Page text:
UPDATE: Joseph Lhota, the chairman and chief executive officer of the Metropolitan Transportation Authority, will resign at the end of the year, according to a statement from the MTA.
Lhota has submitted his letter of resignation to Gov. Andrew Cuomo. His resignation is effective at the end of the day on December 31, 2012.
The former deputy mayor will have officially served as chairman and CEO for less than a year. Cuomo appointed him in October 2011, he assumed leadership duties as executive director on November 14, 2011, and was confirmed by the Senate as chairman and CEO on January 9, 2012.
Lhota, a Republican, is expected to run for mayor in 2013.
The New York Times on Tuesday first reported Lhota's plans.
The MTA board voted to elevate member Fernando Ferrer to vice chairman. When Lhota steps down, Ferrer, a former Bronx borough president, will assume the duties of acting chairman of the board until the Senate confirms the governor's nominee.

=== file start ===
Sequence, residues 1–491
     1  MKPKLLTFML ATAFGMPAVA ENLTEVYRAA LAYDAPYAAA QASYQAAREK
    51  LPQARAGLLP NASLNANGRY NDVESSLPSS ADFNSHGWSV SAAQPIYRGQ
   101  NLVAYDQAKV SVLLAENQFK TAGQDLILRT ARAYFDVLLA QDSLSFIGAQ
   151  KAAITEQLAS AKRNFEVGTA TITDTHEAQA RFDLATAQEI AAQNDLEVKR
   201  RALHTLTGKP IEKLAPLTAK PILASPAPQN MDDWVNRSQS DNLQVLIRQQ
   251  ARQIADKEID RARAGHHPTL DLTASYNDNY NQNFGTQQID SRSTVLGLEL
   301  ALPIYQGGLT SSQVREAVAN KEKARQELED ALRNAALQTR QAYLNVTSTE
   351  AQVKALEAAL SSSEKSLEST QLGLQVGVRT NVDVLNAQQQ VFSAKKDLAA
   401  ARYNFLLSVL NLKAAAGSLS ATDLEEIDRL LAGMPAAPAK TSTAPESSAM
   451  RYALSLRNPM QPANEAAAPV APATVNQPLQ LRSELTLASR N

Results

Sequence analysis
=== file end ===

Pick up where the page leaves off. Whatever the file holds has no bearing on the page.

EARLIER REPORT: MTA Chairman Joseph Lhota guided the agency through Superstorm Sandy, the worst natural disaster in New York City's transit history. He was praised for getting subways and buses back up and running within one week after the storm.
Now Lhota is stepping down to run for mayor, according to a New York Times report.
Lhota has already notified Gov. Andrew Cuomo, who appointed him to his current post just over a year ago. He is expected to officially resign Friday and then put in his bid as the Republican candidate.
But some say he could have a tough go of it because democrats outnumber republicans more than 6-to-1 in New York City. With that said, the mayoral seat has not been filled by a Democrat for 18 years.
A former deputy mayor under Rudy Giuliani, Lhota, 57, and his agency received high marks after sandy. A Qunnipiac poll shows that 75 percent of voters described the MTA's storm response as "excellent" or "good."
Before taking over the MTA, Lhota was executive vice president for the Madison Square Garden Company.